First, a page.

Sunset Boulevard ★★★★★

From the iconic opening shot to the frightening final scene, this has truly withstood the test of time, serving as a sure-footed, sharp analysis of the concessions people make to worship (and be worshipped) at Hollywood’s altar, and the lives of its former stars as they fade from relevance.  
          Wilder spared no detail in ensuring this would be an accurate depiction, as its star Gloria Swanson actually lived through the circumstances her character finds herself in, complete with Erich von Stroheim’s casting as her former husband and director-turned-butler/personal assistant.  
           The screenplay is pure gold, with brilliant lines aplenty, and even allowing a romance to spring up amidst the obvious insanity like weeds in the cracked spaces of sidewalk, between Holden and Olson, where we can temporarily forget what is going on in that house of horrors where we know Holden will eventually return — “that peculiar prison of mine” as he calls it.  (But even the innocence of this is tainted by the fact that the woman Joe is falling for is his friend’s fiancée).   What’s brilliant about the writing is that the desperate set of circumstances Wilder & Brackett have given Holden’s character is what logically supports the idea that he feels like he can’t leave the bizarre situation he’s found himself in.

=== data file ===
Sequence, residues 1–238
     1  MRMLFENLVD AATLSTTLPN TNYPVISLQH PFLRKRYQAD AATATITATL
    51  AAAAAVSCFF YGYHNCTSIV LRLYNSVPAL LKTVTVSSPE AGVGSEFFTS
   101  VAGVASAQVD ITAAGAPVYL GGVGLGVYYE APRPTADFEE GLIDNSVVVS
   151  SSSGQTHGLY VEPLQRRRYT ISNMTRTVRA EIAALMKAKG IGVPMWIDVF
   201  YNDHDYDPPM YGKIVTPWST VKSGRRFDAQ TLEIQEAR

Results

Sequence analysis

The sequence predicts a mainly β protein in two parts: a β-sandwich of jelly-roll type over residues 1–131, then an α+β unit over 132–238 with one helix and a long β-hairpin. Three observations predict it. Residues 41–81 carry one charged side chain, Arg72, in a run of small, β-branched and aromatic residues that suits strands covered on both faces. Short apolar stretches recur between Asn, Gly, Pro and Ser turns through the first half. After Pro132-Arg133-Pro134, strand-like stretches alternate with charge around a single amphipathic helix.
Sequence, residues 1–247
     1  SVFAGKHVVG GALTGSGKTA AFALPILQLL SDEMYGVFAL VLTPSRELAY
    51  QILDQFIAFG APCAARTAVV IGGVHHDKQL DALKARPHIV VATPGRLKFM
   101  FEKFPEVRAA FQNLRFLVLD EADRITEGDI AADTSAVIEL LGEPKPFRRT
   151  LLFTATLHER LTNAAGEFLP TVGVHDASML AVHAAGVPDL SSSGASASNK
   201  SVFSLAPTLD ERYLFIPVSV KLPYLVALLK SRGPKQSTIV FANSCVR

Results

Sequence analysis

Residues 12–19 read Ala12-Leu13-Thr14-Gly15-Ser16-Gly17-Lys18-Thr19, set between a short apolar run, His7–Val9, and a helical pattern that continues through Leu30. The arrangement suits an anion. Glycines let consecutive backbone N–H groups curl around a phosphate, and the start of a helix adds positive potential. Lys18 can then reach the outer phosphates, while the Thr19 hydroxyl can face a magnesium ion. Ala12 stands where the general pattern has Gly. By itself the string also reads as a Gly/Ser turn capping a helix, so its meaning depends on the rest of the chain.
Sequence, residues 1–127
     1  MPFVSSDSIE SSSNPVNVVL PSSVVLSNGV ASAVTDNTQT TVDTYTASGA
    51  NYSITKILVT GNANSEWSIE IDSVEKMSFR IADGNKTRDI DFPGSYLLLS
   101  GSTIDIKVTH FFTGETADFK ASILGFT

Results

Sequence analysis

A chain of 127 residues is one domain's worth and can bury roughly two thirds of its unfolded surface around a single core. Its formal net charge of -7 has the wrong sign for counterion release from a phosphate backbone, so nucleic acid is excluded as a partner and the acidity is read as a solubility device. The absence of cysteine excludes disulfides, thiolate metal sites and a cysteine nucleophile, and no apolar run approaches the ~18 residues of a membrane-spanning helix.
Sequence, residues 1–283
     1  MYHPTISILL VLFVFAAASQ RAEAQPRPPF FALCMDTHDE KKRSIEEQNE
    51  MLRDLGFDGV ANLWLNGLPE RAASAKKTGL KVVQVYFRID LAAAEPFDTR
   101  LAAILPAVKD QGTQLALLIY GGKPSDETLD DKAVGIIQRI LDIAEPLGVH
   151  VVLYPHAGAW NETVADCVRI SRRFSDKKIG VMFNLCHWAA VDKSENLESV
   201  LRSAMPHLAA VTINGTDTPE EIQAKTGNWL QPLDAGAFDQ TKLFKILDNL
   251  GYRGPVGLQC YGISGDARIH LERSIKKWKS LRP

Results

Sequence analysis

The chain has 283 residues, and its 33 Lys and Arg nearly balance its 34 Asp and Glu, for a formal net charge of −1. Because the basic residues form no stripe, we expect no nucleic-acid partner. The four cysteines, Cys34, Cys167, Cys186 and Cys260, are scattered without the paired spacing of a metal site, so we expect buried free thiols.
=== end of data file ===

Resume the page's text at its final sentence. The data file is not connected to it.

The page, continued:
The fact that we know how the story will end from the beginning makes it even more tragic, as Joe’s corpse floating in a pool provides the opening narration.  (The original opening was set in a morgue where Joe’s voiceover started to tell his story to a roomful of corpses, but Wilder wisely changed it to the poolside shot after audiences at initial screenings didn’t know whether to laugh or take it seriously).  American Beauty clearly lifted the opening for Lester Burnham’s voice-over narration at the start of that film, and there are some parallels to find in the biology of Blue Velvet’s plot structure and character relationships as well.  
          Thinking about Wilder’s influence on Lynch got me thinking about Bunuel’s influence on Lynch, which got me thinking about Bunuel’s possible influence on Wilder.  Then thinking about Lost Weekend, and certain aspects of Sunset Blvd (the monkey funeral, for instance) makes me believe there is a good possibility of that.  
          Everything just works so well together in all technical aspects (Franz Waxman apparently created distorted versions of popular film scores from the 20’s and 30’s to outline the disarray of Norma’s mental state), and it seems that Wilder deliberately involved certain people that got their start during the silent era (especially the art direction and set design) to give the film an authentic feel when creating Norma’s Mausoleum of Memories.  
           A truly special film that is a testament to Wilder’s legacy as one of the greatest filmmakers and screenwriters of all time.

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